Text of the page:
The theme of this week here in Florence, for me, would definitely have to be food. Between my cooking class on Wednesday and the International Gelato Festival that we explored today, I’ve spent the week indulging in Italian foods.
One of the reasons I chose to study abroad in Florence was because of the rich culinary traditions and Mediterranean cuisine. I have always loved cooking and have a deep appreciation for how food is grown, prepared and enjoyed. Although I’m studying and spending a lot of time adjusting to the city, I have already been so spoiled by the food I’ve been able to find!
I’ve spent time exploring the Central Market, where they have produce, fresh meats and cheeses and all sorts of other foods. I’ve surprisingly elected to use the grocery store more than the market, only because the market requires extensive knowledge of Italian vocab. However, once I feel a little bit more comfortable communicating with the vendors, I’m sure I’ll utilize it more!
Even the grocery stores here boast produce that put the supermarkets in the U.S. to shame- I am so impressed. Here’s a picture of my trip to the grocery store this week! Each time I go I try to find a product I haven’t tried yet, but it’s always a gamble because I can only understand every other word on the packaging!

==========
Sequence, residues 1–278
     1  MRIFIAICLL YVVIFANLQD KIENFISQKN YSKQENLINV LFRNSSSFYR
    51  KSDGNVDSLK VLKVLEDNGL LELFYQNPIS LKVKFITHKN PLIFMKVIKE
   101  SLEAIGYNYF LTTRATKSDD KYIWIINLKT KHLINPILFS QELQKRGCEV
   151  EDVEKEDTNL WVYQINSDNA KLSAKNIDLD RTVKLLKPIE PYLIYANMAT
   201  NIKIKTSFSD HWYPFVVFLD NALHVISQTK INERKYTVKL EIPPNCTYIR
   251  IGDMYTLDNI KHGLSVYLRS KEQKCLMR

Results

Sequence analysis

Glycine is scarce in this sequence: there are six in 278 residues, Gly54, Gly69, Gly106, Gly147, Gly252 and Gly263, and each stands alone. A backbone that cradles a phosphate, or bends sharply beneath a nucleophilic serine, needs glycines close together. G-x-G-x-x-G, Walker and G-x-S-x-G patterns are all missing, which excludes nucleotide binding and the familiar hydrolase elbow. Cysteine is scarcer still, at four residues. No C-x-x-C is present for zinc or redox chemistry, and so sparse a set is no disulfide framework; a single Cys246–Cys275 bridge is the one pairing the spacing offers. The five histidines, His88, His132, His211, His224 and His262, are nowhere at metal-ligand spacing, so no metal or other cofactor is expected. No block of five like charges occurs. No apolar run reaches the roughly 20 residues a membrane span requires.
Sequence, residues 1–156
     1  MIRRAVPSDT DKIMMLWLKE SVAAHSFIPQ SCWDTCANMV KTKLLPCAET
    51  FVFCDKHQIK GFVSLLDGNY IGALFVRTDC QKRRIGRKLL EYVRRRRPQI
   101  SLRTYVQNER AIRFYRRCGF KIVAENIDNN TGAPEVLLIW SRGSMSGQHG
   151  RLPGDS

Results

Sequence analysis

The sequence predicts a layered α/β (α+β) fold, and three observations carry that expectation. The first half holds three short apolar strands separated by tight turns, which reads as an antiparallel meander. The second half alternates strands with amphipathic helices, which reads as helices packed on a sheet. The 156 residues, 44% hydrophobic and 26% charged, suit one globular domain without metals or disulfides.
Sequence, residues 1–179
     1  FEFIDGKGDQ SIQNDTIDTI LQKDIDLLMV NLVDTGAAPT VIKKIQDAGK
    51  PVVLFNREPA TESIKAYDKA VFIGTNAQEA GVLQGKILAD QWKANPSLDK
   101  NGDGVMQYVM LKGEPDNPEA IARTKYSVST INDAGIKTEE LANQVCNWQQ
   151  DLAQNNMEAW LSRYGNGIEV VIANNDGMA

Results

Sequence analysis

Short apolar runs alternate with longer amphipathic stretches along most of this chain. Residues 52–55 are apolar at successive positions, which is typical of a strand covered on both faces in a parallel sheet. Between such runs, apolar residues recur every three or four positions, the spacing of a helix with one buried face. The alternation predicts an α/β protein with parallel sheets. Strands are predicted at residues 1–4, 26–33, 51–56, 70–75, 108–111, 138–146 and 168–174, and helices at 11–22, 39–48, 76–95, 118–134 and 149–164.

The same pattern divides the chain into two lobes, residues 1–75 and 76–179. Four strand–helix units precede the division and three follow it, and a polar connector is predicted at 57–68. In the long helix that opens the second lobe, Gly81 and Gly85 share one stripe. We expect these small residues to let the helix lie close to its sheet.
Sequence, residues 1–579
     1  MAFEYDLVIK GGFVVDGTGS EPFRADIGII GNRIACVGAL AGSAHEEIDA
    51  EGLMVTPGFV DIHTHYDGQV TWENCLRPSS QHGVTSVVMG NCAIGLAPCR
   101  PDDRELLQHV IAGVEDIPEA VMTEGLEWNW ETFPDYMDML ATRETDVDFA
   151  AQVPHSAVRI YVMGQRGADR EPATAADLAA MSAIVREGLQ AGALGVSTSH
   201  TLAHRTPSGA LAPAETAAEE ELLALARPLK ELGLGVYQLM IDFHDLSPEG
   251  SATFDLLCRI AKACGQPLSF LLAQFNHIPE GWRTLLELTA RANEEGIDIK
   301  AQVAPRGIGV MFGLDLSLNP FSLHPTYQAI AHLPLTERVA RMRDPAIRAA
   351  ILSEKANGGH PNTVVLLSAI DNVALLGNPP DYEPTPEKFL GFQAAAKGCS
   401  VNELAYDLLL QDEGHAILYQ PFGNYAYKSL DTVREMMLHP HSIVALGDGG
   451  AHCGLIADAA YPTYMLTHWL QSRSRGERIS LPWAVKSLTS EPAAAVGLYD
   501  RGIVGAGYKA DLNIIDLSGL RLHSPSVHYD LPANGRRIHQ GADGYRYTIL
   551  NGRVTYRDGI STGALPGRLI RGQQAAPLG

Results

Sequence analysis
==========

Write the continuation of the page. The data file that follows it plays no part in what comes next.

Fortunately, although deciphering products in Italian is difficult, I’m getting better AND I’m learning all about food in my Mediterranean Cuisine course! I am so grateful to be able to take a course that discusses the foods I love. I’m learning a lot and enjoying the process more than I ever could have expected I would. I’ll throw some fun facts at you-
The eggplant is a berry, not a fruit or vegetable!
Eggs don’t have to be refrigerated and they have a long shelf life (28 days).
I’ve been cutting the wrong way my whole life. Knife skills might need a whole separate blog post!
To poach an egg, you have to form a vortex/whirlpool in a pot of boiling water and vinegar. The vortex is easy, but pouring the cracked egg in, in a way that doesn’t break the yolk and is appropriately “delicate, but quick” is not a simple task! My cooking instructor deemed my first attempt “too violent” and requested that I start over.
THE FINAL PRODUCT!!
Okay, enough fun facts. Onto the best part of my week!
So, this afternoon my friends and I hiked up to a piazza overlooking the city of Florence to sample the best gelato in Europe. I’m not even kidding/exaggerating! It was legitimately the top 16 gelatos in Europe- they were in the final round of the 2017 contest, which luckily fell in Florence this fall. We bought a 9 euro ticket and tasted 16 different gelatos, ranging from ricotta to baklava to strawberry with balsamic and chocolate. It was absolutely amazing.
Here’s a sampling:
(the smaller ones I either forgot to take a picture of before licking or the scooper just gave me a little scoop)